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Walt Disney's "Cinderella”: Morally Dodgy and Biased?

 Walt Disney’s Cinderella: Morally Corrupt and Biased? Article

Walt Disney's " Cinderella”: Morally Corrupt and Biased?

For more than fifty years, the wonderful tale that is certainly known around the world as Walt Disney's " Cinderella” has become passed down via generation to generation, in particularly being a popular going to bed story request from children. Even more so, in the last three decades it includes even become a staple in about any young children's home video collection. Whilst Walt Disney's classic gives children a land to learn their thoughts, and even a female determine to admire, are we as father and mother and contemporary society as a whole subjecting our young ones to the many morally upbeat and appropriate rendition of these tale?

With Walt Disney's take on " Cinderella” becoming an animated motion picture, most notably targeted towards a younger market, it seems absolutely fine for the film to become chock-full of whimsical displays of magic and lots of attention appealing imagery. One will likely notice that in Disney's take, he generally seems to associate the antagonist/villain roles with " ugly” characteristics, such as staying fat or even old and wrinkled. In Walt Disney's regulation, he evidently states that " the ugly stepsisters were powder, pressed, and curled” (641). While using these types of descriptive but sometimes deceiving methods to astound the younger audience, it seems to overshadow the more important styles, age old words such as " beauty with the eye of the beholder” and " really what's on the inside that counts”. On the contrary, Charles Perrault details Cinderella's costume as " a dress of gold and silver cloth” (626), and her footwear as " a pair of a glass slippers, wonderfully made” (626). Perrault never describes the stepsisters because fat or perhaps ugly, and establishes all their " mean” qualities based upon their activities. Because Perrault's spin around the classic adventure is drafted and not stated visually, this allows someone to run rampant with their creativity, granting them the opportunity to come up with their own notion of what " beautiful” is. After all, we all...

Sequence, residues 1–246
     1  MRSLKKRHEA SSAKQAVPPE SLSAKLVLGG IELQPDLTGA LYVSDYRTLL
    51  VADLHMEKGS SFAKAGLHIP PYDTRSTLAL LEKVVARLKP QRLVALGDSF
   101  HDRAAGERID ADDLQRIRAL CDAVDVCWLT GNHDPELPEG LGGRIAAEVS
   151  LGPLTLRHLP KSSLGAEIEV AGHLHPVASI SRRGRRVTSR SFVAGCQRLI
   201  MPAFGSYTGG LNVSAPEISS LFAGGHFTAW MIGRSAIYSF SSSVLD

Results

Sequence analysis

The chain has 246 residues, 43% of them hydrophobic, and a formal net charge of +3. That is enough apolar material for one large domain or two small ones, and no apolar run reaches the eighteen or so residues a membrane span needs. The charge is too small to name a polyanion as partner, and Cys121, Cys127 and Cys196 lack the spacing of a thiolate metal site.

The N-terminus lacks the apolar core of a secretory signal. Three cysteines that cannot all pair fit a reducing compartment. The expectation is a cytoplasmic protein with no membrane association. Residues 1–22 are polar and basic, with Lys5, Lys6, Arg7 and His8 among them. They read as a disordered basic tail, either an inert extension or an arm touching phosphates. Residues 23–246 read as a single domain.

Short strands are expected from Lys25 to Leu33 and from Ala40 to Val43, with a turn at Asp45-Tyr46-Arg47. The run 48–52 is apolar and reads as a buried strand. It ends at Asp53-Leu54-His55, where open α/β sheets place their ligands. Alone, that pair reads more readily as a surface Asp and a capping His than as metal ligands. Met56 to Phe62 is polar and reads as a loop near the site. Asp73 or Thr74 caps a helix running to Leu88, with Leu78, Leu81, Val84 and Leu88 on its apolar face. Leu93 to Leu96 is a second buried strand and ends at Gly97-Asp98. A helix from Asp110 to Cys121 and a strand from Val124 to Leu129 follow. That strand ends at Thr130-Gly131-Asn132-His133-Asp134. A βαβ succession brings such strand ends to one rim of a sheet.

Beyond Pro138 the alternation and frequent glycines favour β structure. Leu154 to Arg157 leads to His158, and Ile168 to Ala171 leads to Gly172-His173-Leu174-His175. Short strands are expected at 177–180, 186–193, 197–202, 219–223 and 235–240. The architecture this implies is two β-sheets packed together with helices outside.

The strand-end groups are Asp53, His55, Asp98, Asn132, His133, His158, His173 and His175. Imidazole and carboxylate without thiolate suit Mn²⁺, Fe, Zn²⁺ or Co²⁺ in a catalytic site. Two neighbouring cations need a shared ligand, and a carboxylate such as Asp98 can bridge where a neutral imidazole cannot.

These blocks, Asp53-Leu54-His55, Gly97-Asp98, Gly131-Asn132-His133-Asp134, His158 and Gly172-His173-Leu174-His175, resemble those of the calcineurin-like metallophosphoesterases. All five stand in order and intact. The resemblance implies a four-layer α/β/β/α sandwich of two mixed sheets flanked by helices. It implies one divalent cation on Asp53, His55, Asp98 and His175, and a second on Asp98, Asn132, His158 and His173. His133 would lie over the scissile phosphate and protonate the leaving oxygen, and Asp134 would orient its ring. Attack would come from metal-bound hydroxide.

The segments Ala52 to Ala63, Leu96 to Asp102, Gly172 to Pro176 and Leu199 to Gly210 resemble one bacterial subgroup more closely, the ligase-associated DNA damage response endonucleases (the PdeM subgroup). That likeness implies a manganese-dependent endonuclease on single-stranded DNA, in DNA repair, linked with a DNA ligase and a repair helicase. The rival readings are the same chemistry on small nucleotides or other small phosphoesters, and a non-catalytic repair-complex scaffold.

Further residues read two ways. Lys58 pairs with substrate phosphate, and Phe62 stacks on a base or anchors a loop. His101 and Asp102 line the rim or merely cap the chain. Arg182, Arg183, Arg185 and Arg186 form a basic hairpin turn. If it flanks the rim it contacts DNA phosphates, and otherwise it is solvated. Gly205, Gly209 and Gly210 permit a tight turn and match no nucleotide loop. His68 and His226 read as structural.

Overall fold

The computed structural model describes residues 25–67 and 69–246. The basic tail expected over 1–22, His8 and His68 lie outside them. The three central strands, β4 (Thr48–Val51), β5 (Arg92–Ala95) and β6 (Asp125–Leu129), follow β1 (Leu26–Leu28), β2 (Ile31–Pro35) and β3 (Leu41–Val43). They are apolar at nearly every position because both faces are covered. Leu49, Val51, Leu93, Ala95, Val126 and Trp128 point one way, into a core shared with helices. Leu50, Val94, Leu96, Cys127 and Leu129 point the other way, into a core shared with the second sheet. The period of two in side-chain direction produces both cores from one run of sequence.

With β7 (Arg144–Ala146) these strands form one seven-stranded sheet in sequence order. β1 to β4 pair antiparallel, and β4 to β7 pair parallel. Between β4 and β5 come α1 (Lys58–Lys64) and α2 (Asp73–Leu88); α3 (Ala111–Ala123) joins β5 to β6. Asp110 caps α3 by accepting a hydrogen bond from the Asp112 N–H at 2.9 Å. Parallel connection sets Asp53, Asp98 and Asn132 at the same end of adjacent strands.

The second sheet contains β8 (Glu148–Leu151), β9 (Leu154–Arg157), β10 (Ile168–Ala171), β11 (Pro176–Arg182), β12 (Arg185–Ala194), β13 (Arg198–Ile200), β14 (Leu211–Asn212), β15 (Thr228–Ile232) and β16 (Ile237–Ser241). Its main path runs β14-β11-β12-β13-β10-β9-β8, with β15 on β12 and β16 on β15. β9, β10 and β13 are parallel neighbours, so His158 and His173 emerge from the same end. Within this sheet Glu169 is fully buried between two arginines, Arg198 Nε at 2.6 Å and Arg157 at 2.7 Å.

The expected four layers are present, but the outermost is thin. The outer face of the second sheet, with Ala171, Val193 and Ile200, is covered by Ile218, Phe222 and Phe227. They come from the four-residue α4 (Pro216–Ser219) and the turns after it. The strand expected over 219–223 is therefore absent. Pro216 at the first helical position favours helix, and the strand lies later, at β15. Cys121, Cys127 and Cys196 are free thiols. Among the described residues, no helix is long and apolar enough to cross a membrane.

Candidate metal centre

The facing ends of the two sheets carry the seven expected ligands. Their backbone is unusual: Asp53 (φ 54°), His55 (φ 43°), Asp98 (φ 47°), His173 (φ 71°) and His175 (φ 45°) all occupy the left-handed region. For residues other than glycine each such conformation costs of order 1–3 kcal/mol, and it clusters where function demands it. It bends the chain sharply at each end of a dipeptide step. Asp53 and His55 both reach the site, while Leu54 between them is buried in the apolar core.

Reported: Perrault, Charles. " Cinderella”. Writing and Reading Over the Curriculum. Education. Laurence Behrens and

Leonard M. Rosen. eleventh ed. Boston: Longman, june 2006. 624-628. Printing.

Grant, Campbell. " Walt Disney's " Cinderella””. Composing and Examining Across the Curriculum. Ed. Laurence

Behrens and Leonard J. Rosen. 11th ed. Boston: Longman, 2005. 641-642. Print.

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